As the heading of the article noted, the specter that was seen regularly by "scores of persons" in the belfry of the Methodist Episcopal Church was indeed a playful character, jumping and dancing throughout the belfry. It also exhibited other curious behaviors, such as "enlarging and decreasing in size according to the angle of observation", or following certain witnesses and hanging around their homes for hours. Some people even claimed to hear the bell of the church ring at odd hours of the night. In fact, one night, as the article notes, "Half the village declares that at precisely ten o'clock the bell was tolled, and the other half is laughing at the superstitution, as they call it. Immediately after the tolling, three hearty amens were heard, and then the specter flattened itself out on the roof. This was interpretated to be an attitude of prayer."
It is noted that, appropriately enough, the ghost supposedly makes its appearance from a graveyard, though there are no reports in the article of any witnesses actually seeing the ghost appear in the adjacent cemetary. Jerome Clark, in his book Unnatural Phenomena, reported a news story from Arkansas in 1894 dealing with the appearance of a ghost in a belfry that was also alleged to have rung a bell, showing that at least some apparitions seem to have a fondness for church belfrys. Interestingly enough, although not related to ghosts and hauntings, Rockaway Beach was experiencing a "wildman scare" during this same period, with many people claiming to have witnessed a strange wildman on the nearby beach, and who was theorized to be an insane shipwrecked sailor (these reports and others from the island will be the subject of an upcoming post).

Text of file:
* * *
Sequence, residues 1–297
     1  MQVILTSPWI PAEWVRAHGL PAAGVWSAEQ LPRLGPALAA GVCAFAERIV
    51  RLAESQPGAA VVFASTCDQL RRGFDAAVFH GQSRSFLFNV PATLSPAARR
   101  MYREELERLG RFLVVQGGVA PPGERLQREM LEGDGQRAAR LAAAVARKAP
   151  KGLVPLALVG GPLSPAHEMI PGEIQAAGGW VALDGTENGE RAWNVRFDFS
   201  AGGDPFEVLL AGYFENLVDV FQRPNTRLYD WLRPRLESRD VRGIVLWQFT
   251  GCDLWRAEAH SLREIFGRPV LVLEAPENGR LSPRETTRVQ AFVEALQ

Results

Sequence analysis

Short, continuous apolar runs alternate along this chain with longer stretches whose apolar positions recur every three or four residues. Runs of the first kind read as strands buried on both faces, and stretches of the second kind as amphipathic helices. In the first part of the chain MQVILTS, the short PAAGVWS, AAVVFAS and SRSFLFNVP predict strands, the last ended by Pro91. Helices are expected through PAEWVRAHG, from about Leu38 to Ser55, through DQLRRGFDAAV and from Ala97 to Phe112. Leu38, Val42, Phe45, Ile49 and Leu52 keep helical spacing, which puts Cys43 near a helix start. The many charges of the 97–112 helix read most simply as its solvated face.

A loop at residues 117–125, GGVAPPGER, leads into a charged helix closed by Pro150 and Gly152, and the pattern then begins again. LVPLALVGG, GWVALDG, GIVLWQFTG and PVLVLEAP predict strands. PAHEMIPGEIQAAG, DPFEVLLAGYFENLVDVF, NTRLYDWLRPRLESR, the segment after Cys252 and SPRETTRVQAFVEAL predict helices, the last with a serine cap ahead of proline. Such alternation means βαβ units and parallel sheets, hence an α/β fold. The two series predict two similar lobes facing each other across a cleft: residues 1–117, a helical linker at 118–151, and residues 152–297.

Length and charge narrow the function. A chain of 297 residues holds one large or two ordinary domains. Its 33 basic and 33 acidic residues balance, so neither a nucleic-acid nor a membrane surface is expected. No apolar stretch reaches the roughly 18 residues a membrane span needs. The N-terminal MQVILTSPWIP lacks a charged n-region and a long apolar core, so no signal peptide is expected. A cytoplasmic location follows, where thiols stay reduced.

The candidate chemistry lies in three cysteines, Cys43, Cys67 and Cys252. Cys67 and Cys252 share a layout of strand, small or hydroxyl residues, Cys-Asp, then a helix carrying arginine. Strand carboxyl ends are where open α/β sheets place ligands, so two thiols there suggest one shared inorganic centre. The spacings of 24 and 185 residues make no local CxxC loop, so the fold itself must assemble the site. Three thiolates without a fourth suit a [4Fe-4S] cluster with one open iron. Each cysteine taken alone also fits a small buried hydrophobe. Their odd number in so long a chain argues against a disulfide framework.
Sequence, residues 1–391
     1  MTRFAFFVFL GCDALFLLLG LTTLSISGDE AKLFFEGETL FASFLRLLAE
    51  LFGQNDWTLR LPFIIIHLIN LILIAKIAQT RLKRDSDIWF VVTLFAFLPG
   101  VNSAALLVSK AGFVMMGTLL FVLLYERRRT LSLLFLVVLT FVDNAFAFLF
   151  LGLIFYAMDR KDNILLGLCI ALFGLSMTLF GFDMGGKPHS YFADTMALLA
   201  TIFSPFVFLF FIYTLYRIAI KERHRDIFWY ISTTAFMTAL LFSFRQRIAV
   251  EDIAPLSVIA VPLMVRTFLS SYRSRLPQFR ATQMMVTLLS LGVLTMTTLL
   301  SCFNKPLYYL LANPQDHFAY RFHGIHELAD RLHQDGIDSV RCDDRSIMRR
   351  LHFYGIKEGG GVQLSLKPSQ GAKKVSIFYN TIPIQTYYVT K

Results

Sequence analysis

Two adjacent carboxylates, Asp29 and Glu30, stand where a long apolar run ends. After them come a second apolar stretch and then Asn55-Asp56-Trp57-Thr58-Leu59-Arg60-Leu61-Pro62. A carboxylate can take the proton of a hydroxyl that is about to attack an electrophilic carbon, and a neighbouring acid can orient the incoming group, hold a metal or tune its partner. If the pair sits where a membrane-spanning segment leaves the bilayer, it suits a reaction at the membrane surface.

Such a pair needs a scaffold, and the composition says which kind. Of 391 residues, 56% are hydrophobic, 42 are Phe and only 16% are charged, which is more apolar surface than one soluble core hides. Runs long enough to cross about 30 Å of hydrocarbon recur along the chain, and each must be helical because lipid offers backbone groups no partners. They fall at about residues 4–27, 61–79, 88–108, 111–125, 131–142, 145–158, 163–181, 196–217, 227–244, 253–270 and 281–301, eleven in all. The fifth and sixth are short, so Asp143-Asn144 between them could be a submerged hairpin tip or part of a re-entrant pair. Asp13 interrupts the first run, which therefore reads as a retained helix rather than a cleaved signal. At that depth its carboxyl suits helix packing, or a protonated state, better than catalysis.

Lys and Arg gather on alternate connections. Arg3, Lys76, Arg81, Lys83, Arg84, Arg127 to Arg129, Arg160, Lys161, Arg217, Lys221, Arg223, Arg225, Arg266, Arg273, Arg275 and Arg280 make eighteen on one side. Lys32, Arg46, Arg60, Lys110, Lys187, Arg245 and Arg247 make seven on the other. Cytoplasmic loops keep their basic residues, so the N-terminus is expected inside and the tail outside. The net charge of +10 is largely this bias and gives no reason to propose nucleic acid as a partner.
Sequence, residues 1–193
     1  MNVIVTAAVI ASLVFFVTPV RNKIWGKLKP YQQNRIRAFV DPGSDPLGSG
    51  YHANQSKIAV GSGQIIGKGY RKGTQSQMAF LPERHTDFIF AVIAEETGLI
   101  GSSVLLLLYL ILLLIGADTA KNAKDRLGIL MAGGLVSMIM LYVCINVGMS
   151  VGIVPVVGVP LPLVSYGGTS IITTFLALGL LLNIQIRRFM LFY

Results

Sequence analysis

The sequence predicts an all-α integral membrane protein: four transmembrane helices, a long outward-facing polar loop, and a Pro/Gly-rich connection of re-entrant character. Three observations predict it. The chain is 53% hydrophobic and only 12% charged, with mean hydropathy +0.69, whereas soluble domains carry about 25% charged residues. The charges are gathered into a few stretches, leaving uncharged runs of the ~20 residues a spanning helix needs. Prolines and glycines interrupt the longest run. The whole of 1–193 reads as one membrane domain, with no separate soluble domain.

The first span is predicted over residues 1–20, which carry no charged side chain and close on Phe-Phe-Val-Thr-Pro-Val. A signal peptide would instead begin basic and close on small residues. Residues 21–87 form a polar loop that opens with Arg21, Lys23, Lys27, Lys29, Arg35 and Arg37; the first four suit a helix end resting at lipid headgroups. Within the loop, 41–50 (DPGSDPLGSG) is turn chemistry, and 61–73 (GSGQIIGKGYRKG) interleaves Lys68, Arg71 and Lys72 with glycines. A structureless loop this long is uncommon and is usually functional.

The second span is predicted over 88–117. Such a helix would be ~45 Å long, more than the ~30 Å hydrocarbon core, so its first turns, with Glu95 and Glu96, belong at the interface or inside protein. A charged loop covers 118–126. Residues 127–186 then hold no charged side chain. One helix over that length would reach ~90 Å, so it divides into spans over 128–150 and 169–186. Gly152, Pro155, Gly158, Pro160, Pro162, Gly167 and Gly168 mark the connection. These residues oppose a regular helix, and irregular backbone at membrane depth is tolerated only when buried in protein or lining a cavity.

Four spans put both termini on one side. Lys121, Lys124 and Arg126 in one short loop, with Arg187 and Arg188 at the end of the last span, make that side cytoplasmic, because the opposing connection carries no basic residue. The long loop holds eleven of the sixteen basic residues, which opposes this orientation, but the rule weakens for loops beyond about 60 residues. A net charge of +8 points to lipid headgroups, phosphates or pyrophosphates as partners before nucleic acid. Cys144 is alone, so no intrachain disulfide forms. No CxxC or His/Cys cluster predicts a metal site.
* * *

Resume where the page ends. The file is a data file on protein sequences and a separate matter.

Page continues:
3) A Firey Tongue - The Latest Long Island Ghost Story (Dec. 18, 1885)
The "firey tongue" noted in the title of this piece belongs to a specter that was seen regularly on the Centerville race course just south of Woodhaven, and just like the stories from Port Jefferson and Far Rockaway noted above, it not only reappeared after a span of five years but was witnesses reguarly by scores of people every night. The ghost was seen to first appear in the vincity of the stables at the old Centerville Hotel and then moving at a quick speed across the race course, stopping at certain intervals and even reportedly saying "Whoa!". Disagreements (perhaps inevitably) arose between the witnesses on certain details such as whether the apparition was wearing a robe of white or a garment more the color of sheep's wool, and whether the specter was the ghost of one of two jockeys murdered on the track, or perhaps the troubled spirit of the murderer responsible for one of the bloody deeds. However, as the article notes, "But on one other point there is no disagreement - the ghost spits fire like a foundry chimney and leaves a sulphurous odor behind it."
The characteristic of fire spitting is something that does not come up in ghost reports very often, making this an unusual case if we stick mainly to looking at reports of ghosts and hauntings. If we broaden our range and look at other Fortean phenomena, however, we will notice that fire spitting is a detail that appeared in some Spring-Heeled Jack reports, to continue the train of thought noted earlier about similarities between anomalous phenomena occurences. While I would not advance the theory that Spring-Heeled Jack was a ghost, and the reports of his spitting fire may have very well been exaggerated, it remains an interesting coincedence none the less.
While these three accounts are but a small sample of the avilable reports from Long Island, and indeed I have some in my files that I have not touched upon yet, they represent the kind of ghostly experiences that Long Islanders have reported over the years and that form part of our paranormal history. In my next post, I plan on discussing the periodic "ghost scares" that have overtaken parts of the island from time to time, and which even led to the creation of ghost hunting expeditions. Stay tuned.